World records are broken every day, some to more fanfare than others. While earlier this week the eyes of the world were watching daredevil Felix Baumgartner's 24-mile skydive from the edge of space, a San Jose-based solar energy company called Solar Junction was busy breaking another kind of record.
As a company that specializes in the development of high efficiency multi-junction solar energy cells for the CPV (concentrated photovoltaic) market, Solar Junction is no stranger to breaking through previously established barriers and setting new records. Especially when those records are their own. In April of 2011, the company set a new standard for the energy efficiency of commercial-ready production solar cells, reaching 43.5 percent efficiency at 418 suns. Their new world record, announced on October 15 and verified by the National Renewable Energy Laboratory (NREL), brings that new standard up a significant notch, establishing 44 percent efficiency at 947 suns.
Solar Junction’s multi-junction cells are used in CPV solar panels, which focus concentrated sunlight onto the cells through the use of special optics. “CPV is different from standard flat-plate solar,” says Jeff Allen, VP of Business Development at Solar Junction. “Think of a magnifying glass. Basically, you have a very high performance solar cell that sits at the focal point of these focusing optics. The solar cell converts the photon flux into electrons, and power.”
The company’s trend of record breaking is welcome news in an industry that has lately hit a plateau in improvement, according to Allen. “Up until about five years ago, multi-junctions were running at about a one percent clip in terms of annual efficiency improvements,” Allen says. “Because the maturation of the three-junction technology was occurring, and because there was a lack of clarity about how to get to higher efficiency, that one percent per year diminished drastically over the last three to five years from the current technology providers.”
Allen says Solar Junction’s latest accomplishment, fueled by its proprietary Adjustable Spectrum Lattice Matched materials, is a sign that the sky’s the limit with respect to the capacity of CPV technology and the multi-junction cells that are integral to its efficient operation. “Flat-plate silicon type solar cells have largely met their physics limits in terms of increasing efficiency,” Allen says, “whereas multi-junction solar cells have not. You can actually add additional junctions to increase the efficiency over the coming years.”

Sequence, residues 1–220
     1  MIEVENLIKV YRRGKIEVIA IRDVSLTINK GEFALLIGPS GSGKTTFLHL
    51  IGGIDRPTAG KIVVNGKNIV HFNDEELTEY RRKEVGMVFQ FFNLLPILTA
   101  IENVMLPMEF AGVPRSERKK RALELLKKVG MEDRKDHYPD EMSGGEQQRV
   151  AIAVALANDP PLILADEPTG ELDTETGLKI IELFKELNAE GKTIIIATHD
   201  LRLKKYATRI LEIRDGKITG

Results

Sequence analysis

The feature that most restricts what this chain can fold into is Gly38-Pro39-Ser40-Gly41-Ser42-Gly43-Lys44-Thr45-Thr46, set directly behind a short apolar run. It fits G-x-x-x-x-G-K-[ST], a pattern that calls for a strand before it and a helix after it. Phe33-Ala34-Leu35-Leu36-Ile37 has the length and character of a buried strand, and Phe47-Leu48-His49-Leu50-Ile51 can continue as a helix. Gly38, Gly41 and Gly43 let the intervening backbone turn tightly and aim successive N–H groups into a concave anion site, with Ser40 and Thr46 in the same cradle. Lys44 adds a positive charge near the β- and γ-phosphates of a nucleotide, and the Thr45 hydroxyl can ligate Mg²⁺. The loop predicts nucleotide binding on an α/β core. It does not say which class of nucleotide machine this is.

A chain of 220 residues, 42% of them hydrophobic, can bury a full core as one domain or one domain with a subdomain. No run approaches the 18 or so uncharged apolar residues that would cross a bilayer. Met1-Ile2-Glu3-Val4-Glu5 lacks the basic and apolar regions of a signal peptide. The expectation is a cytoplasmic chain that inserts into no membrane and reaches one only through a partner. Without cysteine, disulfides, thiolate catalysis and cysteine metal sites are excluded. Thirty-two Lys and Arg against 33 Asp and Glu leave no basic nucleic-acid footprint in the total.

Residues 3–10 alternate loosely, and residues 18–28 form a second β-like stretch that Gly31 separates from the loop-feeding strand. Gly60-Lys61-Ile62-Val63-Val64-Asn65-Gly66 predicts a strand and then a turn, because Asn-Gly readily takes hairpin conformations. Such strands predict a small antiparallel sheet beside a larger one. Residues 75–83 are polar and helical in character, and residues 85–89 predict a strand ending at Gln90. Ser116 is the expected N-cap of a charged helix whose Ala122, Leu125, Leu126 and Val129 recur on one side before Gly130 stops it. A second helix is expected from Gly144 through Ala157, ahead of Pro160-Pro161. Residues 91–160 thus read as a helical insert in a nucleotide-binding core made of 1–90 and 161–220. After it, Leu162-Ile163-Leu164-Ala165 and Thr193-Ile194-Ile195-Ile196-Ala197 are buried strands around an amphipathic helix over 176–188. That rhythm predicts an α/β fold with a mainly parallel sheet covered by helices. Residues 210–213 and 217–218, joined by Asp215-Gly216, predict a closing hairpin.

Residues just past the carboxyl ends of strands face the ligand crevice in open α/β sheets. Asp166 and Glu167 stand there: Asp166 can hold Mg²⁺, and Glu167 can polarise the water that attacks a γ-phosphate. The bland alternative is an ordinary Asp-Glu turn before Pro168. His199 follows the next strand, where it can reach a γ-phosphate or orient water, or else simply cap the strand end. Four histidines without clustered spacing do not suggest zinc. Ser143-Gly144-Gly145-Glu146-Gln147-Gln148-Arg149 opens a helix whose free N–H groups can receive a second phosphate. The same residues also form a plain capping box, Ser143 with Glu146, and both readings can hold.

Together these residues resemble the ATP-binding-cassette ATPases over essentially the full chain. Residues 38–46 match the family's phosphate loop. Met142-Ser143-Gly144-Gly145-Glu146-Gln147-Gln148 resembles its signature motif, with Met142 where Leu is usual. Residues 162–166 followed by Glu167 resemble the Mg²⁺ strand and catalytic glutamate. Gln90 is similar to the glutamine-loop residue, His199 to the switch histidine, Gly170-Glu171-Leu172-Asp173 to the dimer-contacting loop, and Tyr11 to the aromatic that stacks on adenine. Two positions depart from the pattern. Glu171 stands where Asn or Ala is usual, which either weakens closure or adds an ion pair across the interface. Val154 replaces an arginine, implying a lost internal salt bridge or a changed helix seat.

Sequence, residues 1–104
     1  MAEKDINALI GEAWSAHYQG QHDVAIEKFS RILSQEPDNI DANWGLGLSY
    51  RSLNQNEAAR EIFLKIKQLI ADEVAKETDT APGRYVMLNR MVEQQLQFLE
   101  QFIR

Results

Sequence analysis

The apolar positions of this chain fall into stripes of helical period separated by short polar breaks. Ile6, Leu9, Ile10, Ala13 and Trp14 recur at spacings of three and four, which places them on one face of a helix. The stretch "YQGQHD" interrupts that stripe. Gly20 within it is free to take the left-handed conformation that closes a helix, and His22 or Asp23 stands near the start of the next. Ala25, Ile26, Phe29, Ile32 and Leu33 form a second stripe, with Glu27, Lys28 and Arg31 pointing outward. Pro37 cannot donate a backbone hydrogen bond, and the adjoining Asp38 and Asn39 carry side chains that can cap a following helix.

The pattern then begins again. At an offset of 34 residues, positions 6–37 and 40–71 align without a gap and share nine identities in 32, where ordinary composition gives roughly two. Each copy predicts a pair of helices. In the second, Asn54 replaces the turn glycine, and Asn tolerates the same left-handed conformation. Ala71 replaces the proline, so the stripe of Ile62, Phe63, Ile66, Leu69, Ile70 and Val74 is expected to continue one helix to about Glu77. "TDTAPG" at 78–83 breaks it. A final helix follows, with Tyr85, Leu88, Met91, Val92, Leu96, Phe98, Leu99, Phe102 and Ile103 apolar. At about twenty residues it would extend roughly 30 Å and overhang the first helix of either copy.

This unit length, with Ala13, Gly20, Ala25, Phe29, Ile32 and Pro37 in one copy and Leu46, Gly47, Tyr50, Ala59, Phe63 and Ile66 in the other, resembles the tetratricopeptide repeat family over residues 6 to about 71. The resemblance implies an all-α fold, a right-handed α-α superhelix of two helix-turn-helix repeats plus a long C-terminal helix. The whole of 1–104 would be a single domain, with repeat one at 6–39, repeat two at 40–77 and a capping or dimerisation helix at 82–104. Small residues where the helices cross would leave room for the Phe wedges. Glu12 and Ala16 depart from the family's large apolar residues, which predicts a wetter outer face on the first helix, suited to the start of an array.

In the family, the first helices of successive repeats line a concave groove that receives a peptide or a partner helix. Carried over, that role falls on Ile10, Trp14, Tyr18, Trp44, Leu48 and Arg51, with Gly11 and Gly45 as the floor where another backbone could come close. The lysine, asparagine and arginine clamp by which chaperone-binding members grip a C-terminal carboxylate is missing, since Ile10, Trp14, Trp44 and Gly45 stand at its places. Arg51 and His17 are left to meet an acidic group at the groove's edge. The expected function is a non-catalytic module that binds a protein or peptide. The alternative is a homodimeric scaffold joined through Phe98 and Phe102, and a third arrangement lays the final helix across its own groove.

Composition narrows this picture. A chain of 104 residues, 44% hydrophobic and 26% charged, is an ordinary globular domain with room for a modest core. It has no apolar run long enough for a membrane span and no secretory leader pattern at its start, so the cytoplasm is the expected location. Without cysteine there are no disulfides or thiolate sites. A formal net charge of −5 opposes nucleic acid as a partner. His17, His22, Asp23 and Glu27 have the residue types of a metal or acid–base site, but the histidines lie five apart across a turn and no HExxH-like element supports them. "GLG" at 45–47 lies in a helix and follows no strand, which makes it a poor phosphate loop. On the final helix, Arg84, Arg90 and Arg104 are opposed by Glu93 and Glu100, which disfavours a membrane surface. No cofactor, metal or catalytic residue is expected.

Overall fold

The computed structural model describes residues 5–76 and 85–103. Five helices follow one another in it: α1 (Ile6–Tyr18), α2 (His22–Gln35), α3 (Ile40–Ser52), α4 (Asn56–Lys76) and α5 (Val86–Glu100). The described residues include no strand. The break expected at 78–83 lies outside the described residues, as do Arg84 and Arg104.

2012 has been a period of exciting growth for Solar Junction, which has seen the formation of several key partnerships and the receipt of an esteemed government grant. Earlier in the year, Solar Junction announced separate partnerships with semiconductor company IQE, which has a facility in Bethlehem, Pennsylvania, and solar module manufacturer Semprius, which recently opened its first solar module production facility in Henderson, North Carolina. In addition, Solar Junction was named one of three recipients of the highly sought after SUNPATH grant from the Department of Energy, which has resulted in the company commissioning a 6” production fabrication facility in Sunnyvale, California. Allen predicts between 30 and 50 new jobs will be created at the company’s forthcoming Sunnyvale location.
“The nice thing is,” Allen says, “is that as capacity expands for us, that drives employment in North Carolina, it drives employment in Pennsylvania, and in California.”
Lead image: Red arrow via Shutterstock
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